cated progressive increase in the percentage of the stance phasein the affected hindlimb, from 69% at pre-surgery to 78% at 42 days post-lesion, as shown in The walking speed of the post-lesion animals was also severely shows the time-course changes of post-lesion paw decreased. A significant difference was observed across time immobility according to the bar test for both limbs. One-way

T.-H. Hsieh et al. / Behavioural Brain Research 222 (2011) 1–9 Fig. 7. Time-measurement changes in the rotational response to apomorphine. Bars
Fig. 5. Time-course changes of walking speed in normal and PD lesion rats while
represent the mean (±SEM) number of net contralateral rotations performed by the rats performed the walkway locomotion test during the 42 days. Note the gradual animals as the total number of full body rotations in 60 min. **p < 0.01, ***p < 0.001 decrease in the walking speed, which started to reach significance at day 4 after 6- as the significant difference compared with the pre-lesion stage with the Bonferroni OHDA injection. Levels of significance: *p < 0.05; **p < 0.01 as compared to pre-values correction post hoc test.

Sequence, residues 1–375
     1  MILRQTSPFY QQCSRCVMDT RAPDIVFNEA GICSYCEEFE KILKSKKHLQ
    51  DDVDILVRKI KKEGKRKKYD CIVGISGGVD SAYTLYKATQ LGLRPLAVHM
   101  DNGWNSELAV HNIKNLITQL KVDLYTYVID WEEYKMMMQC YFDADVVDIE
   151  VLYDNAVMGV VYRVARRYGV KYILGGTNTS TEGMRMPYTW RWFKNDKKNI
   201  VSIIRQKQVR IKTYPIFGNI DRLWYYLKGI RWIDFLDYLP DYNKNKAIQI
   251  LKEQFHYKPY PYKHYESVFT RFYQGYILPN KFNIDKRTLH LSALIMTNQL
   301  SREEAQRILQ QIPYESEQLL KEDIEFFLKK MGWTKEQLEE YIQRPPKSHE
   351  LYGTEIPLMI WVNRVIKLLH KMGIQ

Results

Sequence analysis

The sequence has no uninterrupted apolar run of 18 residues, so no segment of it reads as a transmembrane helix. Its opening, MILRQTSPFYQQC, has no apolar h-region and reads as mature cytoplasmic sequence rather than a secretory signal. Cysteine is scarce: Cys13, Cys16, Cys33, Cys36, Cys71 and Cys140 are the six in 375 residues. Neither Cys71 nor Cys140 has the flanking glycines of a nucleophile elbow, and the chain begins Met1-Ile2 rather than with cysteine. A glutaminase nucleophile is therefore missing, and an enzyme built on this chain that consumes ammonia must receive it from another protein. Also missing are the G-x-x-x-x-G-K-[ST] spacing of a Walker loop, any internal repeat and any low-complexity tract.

with the Bonferroni correction. Data are expressed as the means ± SEM.
repeated measures of ANOVA revealed a significant effect of time sistent asymmetry in turning behavior difference (p = 0.001). The in the ipsilateral limb (F time-course measurement showed a gradual increase in the rota- 8,56 = 18.27, p < 0.001) and contralateral tion number until 21 days post-lesion, after which a plateau was 8,56 = 10.65, p < 0.001). Following 6-OHDA lesion, both limbs exhibited similar trends of increasing immobility. Compared with reached and the values remained basically unchanged.
the pre-lesion level, the bar test scores showed a statistically signif-icant increase (p = 0.012) at approximately 4 days after the PD lesion 3.4. Histological tests in the affected forelimb, but the unaffected side did not reach statis-tical significance until 7 days post-lesion (p = 0.026). The behavior The results of the TH-immunohistochemistry in the Str and the asymmetry in the forelimbs became evident at day 4 post-lesion SN at pre-lesion and at 1, 7, 21 and 42 days post-lesion are shown and remained statistically significant from day 4 until the end of in At the Str and SN regions, infusion of 6-OHDA induced observation (paired t-tests, t = 3.07, p < 0.02).